|Publication number||US4001781 A|
|Application number||US 05/550,604|
|Publication date||Jan 4, 1977|
|Filing date||Feb 18, 1975|
|Priority date||Feb 18, 1975|
|Publication number||05550604, 550604, US 4001781 A, US 4001781A, US-A-4001781, US4001781 A, US4001781A|
|Inventors||Pierre Charransol, Jacques Hauri, Serge Robert Fontana|
|Original Assignee||International Standard Electric Corporation|
|Export Citation||BiBTeX, EndNote, RefMan|
|Patent Citations (5), Referenced by (2), Classifications (4), Legal Events (1)|
|External Links: USPTO, USPTO Assignment, Espacenet|
1. Field of the Invention
The present invention concerns an electronic switching element or component having at least two stages. It can be employed in coded signal time switching systems and, more particularly, in telephone exchanges involving time division switching of signals which have been subjected to pulse code modulation.
2. Description of the Prior Art
At the inputs of such an exchange, the signals originating from busy lines are sampled at 8 kHz and each sample is translated into a coded combination of eight binary signals (bits). Each combination is transmitted in series over a conductor, within a very short time slot constituting a time channel. It is thus possible to time multiplex 32 channels for instance. The period of recurrence of the successive combinations of a channel is 125 micro seconds, whereas the time slot provided for each channel lasts about 4 micro seconds. An incoming multiplex group routes the signals originating from 32 lines. A similar outgoing multiplex group routes the signals intended to these same 32 lines.
Inside the exchange, there will be generally many incoming and outgoing multiplex groups. It is necessary that any coded combination appearing on a time channel of a multiplex group may be retransmitted over any time channel of any multiplex group. This involves space (connections from group to group) and time (connections from channel to channel) switching operations. These will be performed by means of a network including space switches and memories. This network may be, for instance, of a well-known time-space-time type.
In a simplified embodiment, this network will include an incoming memory with 32 cells for each incoming 32-channel group and an outgoing memory with 32 cells for each outgoing 32-channel group. The incoming memories will be connected to the outgoing 32-channel group. The incoming memories will be connected to the outgoing memories through a connection network enabling each incoming memory to have access to each outgoing memory.
A connection between an incoming channel of an incoming group and an outgoing channel of an outgoing group thus uses a cell allocated to the incoming channel in the incoming memory assigned to the incoming group, a connection path between this incoming memory and the outgoing memory assigned to the outgoing group and a cell of this outgoing memory allocated to the outgoing channel. At the time assigned to the incoming channel, a coded combination, received in series on the incoming group, is recorded in the incoming memory cell. During the channel time selected for the considered connection, the connection path is established between the incoming memory and the outgoing memory, the incoming memory cell is read and the combination which it contains is routed, in series, through the connection path, up to the outgoing memory; there, it is recorded in the memory cell of the outgoing channel. Finally, at the channel time assigned to the outgoing channel, the outgoing memory cell is read and the coded combination which it contains is transmitted in series over the outgoing group.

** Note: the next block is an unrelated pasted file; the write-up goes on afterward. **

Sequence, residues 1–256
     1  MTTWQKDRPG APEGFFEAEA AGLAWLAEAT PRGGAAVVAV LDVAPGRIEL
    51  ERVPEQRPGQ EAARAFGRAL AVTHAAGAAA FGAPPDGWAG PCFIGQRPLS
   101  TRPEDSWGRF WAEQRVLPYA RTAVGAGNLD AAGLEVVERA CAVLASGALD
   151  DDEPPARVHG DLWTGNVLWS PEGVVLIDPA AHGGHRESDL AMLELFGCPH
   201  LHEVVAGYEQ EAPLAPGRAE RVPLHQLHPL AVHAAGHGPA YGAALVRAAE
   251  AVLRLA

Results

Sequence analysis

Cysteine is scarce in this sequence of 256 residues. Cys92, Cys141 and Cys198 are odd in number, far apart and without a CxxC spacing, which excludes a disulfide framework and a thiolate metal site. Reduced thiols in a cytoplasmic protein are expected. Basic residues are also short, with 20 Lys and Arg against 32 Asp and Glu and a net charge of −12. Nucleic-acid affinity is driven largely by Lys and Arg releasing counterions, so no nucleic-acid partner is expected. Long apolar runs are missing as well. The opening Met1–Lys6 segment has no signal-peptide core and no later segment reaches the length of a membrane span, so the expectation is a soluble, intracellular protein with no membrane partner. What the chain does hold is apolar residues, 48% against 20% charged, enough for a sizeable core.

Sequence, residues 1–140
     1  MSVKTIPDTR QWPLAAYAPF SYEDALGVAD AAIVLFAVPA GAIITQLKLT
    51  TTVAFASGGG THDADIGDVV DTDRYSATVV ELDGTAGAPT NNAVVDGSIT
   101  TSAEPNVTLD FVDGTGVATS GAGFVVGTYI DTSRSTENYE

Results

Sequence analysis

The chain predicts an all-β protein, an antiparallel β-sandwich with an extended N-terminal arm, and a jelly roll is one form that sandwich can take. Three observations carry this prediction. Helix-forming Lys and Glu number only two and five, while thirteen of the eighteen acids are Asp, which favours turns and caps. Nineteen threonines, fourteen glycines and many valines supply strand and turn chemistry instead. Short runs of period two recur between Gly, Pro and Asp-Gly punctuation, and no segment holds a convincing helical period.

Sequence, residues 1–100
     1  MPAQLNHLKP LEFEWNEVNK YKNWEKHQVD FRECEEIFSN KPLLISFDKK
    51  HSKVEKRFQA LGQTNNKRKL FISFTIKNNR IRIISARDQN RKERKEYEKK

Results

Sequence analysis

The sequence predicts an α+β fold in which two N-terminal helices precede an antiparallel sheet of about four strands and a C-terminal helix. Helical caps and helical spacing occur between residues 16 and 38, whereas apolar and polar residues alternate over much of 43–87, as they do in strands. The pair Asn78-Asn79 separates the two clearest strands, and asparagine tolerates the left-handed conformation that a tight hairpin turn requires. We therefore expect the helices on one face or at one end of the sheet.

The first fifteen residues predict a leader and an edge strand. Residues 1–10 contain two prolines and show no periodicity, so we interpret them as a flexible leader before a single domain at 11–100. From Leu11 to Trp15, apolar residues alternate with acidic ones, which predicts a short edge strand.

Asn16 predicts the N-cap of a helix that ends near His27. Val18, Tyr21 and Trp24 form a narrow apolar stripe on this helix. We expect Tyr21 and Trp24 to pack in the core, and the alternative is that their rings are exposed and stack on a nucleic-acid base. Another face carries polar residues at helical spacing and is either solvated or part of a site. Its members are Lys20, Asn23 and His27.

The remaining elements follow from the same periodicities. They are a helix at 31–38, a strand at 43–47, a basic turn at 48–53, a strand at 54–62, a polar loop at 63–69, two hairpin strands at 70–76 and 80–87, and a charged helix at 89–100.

The network connecting the incoming memories to the outgoing memories must consequently be able to provide, at each channel time, as many connection paths as there are incoming (or outgoing) memories. It will be necessarily electronic because of the required speed and it is obviously to be desired that it may be compact, which contributes to the operating speed, but also it may have a small dissipation of heat, which allows better compactness and, of course, its price must be as low as possible.
In accordance with the requirements set forth above, it is suggested that this network be assembled as a group of switching modules mounted on printed circuit boards. The French Pat. No. 71 43195 filed on Dec. 2, 1971 (corresponding to U.S. patent application Ser. No. 308,295 filed Nov. 20, 1972 now U.S. Pat. No. 3,865,989 and assigned to International Standard Electric Company) in the name of Compagnie Generale de Constructions Telephoniques for "Module de commutation electronique" (electronic switching module) describes such a module constructed in the shape of an integrated circuit in M.O.S. (metal - oxyde - semi-conductor) technology and which constitutes a connection matrix with eight inputs and eight outputs. Many modules of this type can be mounted on a medium sized board. However, a problem occurs because of the limited number of the input and output connections of the board.
Indeed, printed circuit boards are generally provided with connectors offering a limited number of connection points. In other respects, each switching module comprises eight inputs which must be connected to incoming memories or eight outputs which must be connected to outgoing memories, and at least eight address inputs to control the connections, say at least 16 circuits to be extended out of the board. As the connectors now available enable only the use of two hundred connection points, it is noted that it has not been practical to mount more than 10 modules on a board which could otherwise support a much larger number of these modules.